Hello, hello. Here I am, home at last. Actually, I've been home for three weeks now, but I have not yet found a chance to post. I should be studying now, but after taking about an hour to read about six pages from the Procedures section in my technical writing textbook (Zzzzzz...), my eyes started to close on me, and I figured I'd be better off doing something more productive (Ha!). Did I mention I'm at work? Yeah, I'm at work; otherwise, if I were at home, I probably would have just taken a nap (and I would not have woken myself up this morning at 07:15 to work out... and therefore would not require a nap).
My last post in Italy was on the 18th of August, a good 10 days before coming home. I was having issues with finding adequate sources of protein. Well, happy and healthy (maybe more healthy than happy since the weather here sucks and I'm already too busy with school), I have survived a month as a vegan in Italy. Hurrah! Yes, it is indeed possible to be vegan in Italy, even if you're not staying in one of the big cities, like Rome, Florence, or Milan. Yes, even in Cassino, my adoptive comune of just 32 643 people, vegan options abound (did I mention tasty options, no less?), whether you're dining at an osteria, a trattoria, a bar, or shopping at the local grocery store.
Of course, however, the vegan travelling in Italy must be particularly attentive. For example-- though it happened only two or three times--although I had requested an egg-free dish, I was handed a plate of egg pasta. It's easy to be fooled, but, as a general rule, egg pasta will have a more yellow tint than non–egg pasta; it sounds obvious, but it's easy to doubt yourself. Also, pasta fresca (fresh pasta) is typically made with eggs (or at least that's what I was told) so opt for pastasciutta (dry pasta) with tomato sauce and veggies. Also, you can't ever go wrong in Italy when you order a cheeseless pizza or focaccia. I was told at the restaurant I frequented in Cassino, whose staff grew well-acquainted with my dining habits, that focaccia is typically made without a topping of cheese. As far as I can tell, and what my research tells me, is that there is not much difference between the dough of focaccia and pizza; rather, it is the toppings that differentiate them: focaccia can indeed have mozzarella on it, but it is more minimalist than a pizza when it comes to toppings (a typical Italian focaccia may have nothing on it but olive oil and oregano). Anyway! So go the route of focaccia, but make sure you ask for no cheese.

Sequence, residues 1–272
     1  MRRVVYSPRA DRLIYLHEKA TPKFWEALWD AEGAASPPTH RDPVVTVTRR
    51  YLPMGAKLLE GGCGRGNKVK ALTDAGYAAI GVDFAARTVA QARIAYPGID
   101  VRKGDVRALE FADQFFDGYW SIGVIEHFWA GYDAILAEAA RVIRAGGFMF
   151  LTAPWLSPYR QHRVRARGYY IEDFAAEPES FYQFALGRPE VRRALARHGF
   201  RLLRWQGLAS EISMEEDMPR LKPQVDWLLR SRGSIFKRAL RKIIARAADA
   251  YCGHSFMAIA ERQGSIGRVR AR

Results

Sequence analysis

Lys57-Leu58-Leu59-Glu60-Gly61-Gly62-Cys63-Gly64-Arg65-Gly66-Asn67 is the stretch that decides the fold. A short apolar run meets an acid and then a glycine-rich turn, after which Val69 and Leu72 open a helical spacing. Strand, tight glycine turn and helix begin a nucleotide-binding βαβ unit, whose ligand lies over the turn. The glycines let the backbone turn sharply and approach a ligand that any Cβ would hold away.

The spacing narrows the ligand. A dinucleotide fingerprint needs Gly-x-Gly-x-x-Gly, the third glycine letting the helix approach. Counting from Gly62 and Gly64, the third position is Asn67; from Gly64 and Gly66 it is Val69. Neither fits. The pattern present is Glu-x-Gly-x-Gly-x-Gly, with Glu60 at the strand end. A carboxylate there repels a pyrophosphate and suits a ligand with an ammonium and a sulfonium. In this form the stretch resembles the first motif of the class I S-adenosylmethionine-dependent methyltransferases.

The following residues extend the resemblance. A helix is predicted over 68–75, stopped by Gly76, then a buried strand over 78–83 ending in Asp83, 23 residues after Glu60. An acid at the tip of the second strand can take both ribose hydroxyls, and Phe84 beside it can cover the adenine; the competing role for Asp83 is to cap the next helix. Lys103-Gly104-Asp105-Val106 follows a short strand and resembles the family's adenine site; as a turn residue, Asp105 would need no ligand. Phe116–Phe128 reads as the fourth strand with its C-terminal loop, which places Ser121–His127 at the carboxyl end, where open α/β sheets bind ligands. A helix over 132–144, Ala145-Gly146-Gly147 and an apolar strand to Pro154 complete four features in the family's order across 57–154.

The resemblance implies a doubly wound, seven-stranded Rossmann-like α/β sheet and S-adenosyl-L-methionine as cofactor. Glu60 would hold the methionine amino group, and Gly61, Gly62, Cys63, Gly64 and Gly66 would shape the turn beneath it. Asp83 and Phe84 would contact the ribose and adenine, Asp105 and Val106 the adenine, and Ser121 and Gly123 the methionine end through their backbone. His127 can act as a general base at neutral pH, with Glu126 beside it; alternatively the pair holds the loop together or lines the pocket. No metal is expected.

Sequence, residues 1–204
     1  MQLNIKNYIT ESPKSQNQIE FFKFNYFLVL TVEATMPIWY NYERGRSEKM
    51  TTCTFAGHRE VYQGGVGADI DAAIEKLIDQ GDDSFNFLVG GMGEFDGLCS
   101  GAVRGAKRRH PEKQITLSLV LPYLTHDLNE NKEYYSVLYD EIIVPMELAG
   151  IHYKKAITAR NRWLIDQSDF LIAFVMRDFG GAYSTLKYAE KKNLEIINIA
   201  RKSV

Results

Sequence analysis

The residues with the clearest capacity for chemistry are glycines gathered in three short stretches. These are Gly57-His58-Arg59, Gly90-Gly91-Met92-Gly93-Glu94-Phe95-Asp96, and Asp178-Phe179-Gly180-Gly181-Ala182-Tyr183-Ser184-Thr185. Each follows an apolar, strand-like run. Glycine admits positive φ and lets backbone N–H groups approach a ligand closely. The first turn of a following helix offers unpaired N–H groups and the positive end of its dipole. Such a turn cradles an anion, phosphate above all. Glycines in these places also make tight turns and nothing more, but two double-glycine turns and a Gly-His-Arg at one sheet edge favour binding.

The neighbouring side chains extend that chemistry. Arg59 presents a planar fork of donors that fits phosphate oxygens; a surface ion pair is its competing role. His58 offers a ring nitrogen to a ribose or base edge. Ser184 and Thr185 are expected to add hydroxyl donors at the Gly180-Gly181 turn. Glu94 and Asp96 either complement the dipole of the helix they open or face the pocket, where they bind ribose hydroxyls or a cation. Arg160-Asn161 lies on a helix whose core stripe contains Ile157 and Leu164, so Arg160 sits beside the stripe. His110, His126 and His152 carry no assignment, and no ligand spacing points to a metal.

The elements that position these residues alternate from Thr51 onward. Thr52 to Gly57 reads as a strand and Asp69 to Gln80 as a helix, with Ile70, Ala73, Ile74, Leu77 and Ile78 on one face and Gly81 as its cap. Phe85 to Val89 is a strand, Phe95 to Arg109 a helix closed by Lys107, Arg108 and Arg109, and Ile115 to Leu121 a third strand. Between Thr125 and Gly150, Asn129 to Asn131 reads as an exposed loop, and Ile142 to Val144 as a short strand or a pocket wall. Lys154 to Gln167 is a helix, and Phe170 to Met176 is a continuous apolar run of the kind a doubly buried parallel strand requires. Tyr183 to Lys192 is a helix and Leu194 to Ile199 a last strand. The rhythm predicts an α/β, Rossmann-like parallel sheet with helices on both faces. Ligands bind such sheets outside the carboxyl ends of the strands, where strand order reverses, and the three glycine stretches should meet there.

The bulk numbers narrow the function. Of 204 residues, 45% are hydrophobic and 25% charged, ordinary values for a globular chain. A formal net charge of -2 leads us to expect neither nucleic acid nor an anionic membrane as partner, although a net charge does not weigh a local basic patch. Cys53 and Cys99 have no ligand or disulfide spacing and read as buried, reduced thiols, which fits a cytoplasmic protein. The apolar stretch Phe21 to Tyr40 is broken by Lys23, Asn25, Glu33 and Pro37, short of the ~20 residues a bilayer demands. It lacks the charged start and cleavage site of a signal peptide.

What was great about Italian cooking is that in Italy they are blessed enough (and perhaps talented enough) to achieve great and rich tastes with simple ingredients, not to mention that their ingredients are so much more fresh than anything you would find in North America. It's true: after every meal, we would have a macedonia (fruit salad) or a simple piece of cocomero (watermelon) or cantaloupe, and all the fruit was sweet, never bitter, and the watermelon actually had seeds! The laws regarding pesticides, herbicides, and genetic modification are much more stringent in the European Union, and Europeans are ever-so-fortunate to have such laws. In Canada, one would seldom be privileged enough to bite into a watermelon as sweet as those we consumed in Italy (unless, of course, the Canadian watermelon were organic and GMO-free). What I was initially getting at when I hinted at the freshness and wondrous simplicity of Italian cooking is that I never had to ask if pizza dough contained eggs because pizza dough is not typically made with eggs. Adding eggs to pizza dough seems to be something unique to North America. Italians should be proud to have a culture of food that is relatively devoid of unnecessary additives; in that regard, it is easy to know what is in the food you're about to consume.